Ultrasonic mid-air haptic technologies, which provide haptic feedback through airwaves produced using ultrasound, could be employed to investigate the sense of body ownership and immersion in virtual reality (VR) by inducing the virtual hand illusion (VHI). Ultrasonic mid-air haptic perception has solely been investigated for glabrous (hairless) skin, which has higher tactile sensitivity than hairy skin. In contrast, the VHI paradigm typically targets hairy skin without comparisons to glabrous skin. The aim of this paper was to investigate illusory body ownership, the applicability of ultrasonic mid-air haptics, and perceived immersion in VR using the VHI. Fifty participants viewed a virtual hand being stroked by a feather synchronously and asynchronously with the ultrasonic stimulation applied to the glabrous skin on the palmar surface and the hairy skin on the dorsal surface of their hands. Questionnaire responses revealed that synchronous stimulation induced a stronger VHI than asynchronous stimulation. In synchronous conditions, the VHI was stronger for palmar stimulation than dorsal stimulation. The ultrasonic stimulation was also perceived as more intense on the palmar surface compared to the dorsal surface. Perceived immersion was not related to illusory body ownership per se but was enhanced by the provision of synchronous stimulation.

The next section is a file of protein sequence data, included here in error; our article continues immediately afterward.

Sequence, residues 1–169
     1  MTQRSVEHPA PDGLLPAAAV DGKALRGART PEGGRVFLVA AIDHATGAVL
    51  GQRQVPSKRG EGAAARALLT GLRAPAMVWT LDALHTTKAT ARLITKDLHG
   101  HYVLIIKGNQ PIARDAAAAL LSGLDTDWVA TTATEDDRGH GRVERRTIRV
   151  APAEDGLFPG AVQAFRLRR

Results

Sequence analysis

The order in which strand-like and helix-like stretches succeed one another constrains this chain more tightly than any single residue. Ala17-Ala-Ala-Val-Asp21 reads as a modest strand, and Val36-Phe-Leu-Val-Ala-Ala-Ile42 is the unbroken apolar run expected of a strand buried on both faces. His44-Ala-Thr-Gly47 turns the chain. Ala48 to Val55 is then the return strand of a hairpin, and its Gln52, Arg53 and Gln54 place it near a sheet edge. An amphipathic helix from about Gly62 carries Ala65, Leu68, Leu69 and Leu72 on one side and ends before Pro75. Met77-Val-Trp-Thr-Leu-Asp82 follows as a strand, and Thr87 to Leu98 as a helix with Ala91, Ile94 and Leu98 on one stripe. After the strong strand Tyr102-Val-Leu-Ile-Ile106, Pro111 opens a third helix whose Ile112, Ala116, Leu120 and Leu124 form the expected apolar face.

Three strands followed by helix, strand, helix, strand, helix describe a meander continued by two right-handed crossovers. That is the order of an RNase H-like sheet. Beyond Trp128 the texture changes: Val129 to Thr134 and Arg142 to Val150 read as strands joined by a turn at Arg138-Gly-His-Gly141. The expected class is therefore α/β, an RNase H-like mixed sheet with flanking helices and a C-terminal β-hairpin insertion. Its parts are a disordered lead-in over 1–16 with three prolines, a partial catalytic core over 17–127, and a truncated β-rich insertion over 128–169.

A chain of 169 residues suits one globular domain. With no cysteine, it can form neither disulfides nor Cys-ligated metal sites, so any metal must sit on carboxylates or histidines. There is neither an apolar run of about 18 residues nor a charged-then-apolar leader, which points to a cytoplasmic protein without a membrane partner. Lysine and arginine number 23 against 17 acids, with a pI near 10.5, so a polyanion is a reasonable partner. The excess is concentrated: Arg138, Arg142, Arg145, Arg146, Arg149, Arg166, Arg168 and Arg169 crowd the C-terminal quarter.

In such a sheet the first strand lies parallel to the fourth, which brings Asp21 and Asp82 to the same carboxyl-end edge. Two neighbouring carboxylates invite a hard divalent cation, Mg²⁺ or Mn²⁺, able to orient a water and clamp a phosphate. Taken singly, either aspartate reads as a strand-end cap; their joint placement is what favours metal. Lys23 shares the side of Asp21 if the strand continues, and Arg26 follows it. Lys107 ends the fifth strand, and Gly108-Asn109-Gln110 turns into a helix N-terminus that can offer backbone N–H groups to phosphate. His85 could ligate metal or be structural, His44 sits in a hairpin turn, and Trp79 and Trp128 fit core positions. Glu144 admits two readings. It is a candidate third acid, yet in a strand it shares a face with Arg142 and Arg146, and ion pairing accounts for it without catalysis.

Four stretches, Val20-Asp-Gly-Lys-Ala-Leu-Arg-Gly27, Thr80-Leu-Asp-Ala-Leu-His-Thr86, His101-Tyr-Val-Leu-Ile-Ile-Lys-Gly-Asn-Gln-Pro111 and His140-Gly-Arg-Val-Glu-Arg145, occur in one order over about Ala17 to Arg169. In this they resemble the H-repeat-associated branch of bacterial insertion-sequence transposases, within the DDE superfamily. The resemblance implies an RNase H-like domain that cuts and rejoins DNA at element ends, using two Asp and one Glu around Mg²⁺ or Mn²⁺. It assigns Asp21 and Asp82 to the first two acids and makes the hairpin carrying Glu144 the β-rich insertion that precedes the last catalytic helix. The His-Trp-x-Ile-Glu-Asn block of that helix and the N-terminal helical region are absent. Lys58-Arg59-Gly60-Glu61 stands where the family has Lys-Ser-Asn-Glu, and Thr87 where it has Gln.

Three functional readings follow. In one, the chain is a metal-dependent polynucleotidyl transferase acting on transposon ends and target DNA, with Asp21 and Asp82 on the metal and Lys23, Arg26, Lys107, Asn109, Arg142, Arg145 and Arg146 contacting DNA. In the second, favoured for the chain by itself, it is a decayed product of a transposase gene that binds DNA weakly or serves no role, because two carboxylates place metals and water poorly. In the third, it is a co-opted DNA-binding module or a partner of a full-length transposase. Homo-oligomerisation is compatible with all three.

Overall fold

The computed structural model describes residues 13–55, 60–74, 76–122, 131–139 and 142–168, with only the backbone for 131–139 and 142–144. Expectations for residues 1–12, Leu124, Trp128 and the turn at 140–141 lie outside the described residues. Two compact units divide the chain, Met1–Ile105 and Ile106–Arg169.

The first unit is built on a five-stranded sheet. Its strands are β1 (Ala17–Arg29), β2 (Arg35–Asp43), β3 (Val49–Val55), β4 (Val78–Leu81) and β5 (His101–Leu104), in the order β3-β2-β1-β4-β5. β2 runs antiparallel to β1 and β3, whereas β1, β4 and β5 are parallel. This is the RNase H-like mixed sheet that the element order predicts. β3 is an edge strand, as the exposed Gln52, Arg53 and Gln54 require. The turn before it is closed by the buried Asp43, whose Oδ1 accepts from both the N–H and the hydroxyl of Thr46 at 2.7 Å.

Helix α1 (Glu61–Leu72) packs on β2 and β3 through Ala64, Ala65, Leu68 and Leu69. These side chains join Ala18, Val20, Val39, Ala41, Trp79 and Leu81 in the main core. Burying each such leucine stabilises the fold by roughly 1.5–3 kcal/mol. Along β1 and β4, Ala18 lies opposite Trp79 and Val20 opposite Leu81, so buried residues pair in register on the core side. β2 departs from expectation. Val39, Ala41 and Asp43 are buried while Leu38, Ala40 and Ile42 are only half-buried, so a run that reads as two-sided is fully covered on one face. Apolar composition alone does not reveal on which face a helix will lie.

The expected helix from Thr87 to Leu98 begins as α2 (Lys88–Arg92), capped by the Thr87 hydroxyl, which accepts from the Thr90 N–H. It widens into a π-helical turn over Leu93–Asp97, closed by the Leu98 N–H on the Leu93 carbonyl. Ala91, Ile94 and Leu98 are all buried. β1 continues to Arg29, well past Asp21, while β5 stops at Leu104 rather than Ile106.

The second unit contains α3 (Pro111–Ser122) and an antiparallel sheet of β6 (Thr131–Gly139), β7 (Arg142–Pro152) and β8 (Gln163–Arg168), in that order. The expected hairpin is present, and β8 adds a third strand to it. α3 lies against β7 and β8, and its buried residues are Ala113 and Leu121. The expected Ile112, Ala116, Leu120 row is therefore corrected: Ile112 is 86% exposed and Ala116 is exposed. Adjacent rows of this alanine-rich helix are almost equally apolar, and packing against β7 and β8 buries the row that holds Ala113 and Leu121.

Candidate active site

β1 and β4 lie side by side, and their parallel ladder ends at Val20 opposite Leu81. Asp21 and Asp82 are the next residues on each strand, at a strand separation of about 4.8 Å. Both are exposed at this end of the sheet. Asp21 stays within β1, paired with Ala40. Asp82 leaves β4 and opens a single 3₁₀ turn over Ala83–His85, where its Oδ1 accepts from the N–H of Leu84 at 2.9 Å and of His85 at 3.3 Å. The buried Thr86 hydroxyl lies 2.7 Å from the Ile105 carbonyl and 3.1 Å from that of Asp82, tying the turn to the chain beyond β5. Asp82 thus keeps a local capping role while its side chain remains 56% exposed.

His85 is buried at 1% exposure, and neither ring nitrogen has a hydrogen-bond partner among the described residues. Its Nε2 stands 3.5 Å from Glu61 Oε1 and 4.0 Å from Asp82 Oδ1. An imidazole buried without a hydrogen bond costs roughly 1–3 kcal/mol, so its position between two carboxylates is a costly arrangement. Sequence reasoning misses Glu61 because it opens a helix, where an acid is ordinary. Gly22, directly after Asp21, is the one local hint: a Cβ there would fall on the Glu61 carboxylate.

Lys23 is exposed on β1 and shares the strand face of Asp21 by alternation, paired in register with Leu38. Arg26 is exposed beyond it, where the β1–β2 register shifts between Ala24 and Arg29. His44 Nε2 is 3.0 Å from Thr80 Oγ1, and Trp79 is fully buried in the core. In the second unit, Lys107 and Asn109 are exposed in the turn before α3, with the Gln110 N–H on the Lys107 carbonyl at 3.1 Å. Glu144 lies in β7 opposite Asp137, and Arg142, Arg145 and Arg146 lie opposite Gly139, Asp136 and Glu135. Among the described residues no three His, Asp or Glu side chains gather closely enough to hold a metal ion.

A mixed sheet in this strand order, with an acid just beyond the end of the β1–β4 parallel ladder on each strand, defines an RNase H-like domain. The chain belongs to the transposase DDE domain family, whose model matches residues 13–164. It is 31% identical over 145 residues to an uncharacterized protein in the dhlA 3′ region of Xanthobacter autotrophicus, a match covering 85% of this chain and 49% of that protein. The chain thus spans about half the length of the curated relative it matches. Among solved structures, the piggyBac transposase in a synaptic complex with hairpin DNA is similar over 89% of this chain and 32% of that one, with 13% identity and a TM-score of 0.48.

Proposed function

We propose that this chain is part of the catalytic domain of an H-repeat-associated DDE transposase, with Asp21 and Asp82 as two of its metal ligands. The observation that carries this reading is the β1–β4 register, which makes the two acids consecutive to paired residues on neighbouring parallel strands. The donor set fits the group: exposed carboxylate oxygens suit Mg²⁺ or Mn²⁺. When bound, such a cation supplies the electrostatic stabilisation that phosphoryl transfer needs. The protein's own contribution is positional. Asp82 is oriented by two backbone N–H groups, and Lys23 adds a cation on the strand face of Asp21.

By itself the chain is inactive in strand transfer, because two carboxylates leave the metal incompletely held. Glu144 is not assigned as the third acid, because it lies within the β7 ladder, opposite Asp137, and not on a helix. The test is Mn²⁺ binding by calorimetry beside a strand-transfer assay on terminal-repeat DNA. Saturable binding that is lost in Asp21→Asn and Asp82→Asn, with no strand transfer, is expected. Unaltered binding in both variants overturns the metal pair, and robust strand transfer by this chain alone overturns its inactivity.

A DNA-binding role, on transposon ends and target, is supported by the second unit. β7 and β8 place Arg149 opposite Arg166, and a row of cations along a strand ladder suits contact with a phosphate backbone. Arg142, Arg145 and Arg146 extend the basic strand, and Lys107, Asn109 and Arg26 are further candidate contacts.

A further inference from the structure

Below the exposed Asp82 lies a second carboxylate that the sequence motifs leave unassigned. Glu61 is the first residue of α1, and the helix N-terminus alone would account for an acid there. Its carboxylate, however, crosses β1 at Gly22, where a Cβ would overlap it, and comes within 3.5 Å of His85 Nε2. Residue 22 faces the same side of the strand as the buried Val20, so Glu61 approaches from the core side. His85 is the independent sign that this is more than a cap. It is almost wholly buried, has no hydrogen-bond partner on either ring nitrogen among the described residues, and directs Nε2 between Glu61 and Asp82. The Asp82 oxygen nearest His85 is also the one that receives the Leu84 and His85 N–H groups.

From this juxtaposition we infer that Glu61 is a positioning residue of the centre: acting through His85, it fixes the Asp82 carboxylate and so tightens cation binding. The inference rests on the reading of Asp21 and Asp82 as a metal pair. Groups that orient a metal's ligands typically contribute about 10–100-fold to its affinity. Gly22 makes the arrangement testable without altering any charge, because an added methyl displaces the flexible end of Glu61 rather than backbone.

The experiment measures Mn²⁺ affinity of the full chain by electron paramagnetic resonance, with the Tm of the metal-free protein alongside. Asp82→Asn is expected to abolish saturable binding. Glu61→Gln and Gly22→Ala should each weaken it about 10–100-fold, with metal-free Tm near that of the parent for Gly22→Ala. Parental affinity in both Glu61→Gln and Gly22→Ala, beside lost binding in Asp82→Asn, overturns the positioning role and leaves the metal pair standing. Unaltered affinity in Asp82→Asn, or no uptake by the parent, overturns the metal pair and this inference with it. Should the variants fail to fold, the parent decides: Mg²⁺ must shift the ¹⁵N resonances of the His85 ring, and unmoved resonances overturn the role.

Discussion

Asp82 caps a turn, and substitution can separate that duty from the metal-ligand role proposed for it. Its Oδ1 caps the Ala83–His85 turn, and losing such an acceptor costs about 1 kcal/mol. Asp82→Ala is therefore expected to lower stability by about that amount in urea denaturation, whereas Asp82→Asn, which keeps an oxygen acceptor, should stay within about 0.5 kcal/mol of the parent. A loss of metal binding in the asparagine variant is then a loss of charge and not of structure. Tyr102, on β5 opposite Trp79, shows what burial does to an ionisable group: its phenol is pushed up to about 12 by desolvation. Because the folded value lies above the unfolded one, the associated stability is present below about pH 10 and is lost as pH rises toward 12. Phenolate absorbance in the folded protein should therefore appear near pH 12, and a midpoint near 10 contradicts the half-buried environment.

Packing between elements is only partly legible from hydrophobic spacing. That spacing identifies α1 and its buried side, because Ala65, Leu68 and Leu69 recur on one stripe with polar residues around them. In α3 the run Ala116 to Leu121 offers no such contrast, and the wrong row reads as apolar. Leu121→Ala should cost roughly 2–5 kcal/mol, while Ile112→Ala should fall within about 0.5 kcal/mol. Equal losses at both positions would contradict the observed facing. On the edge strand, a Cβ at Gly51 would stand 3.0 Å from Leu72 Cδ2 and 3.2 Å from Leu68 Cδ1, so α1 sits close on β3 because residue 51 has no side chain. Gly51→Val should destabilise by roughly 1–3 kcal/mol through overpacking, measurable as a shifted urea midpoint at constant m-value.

Anca SalageanJacob Hadnett-Hunter, Daniel Finnegan, Alexandra A de Sousa, Michael Proulx


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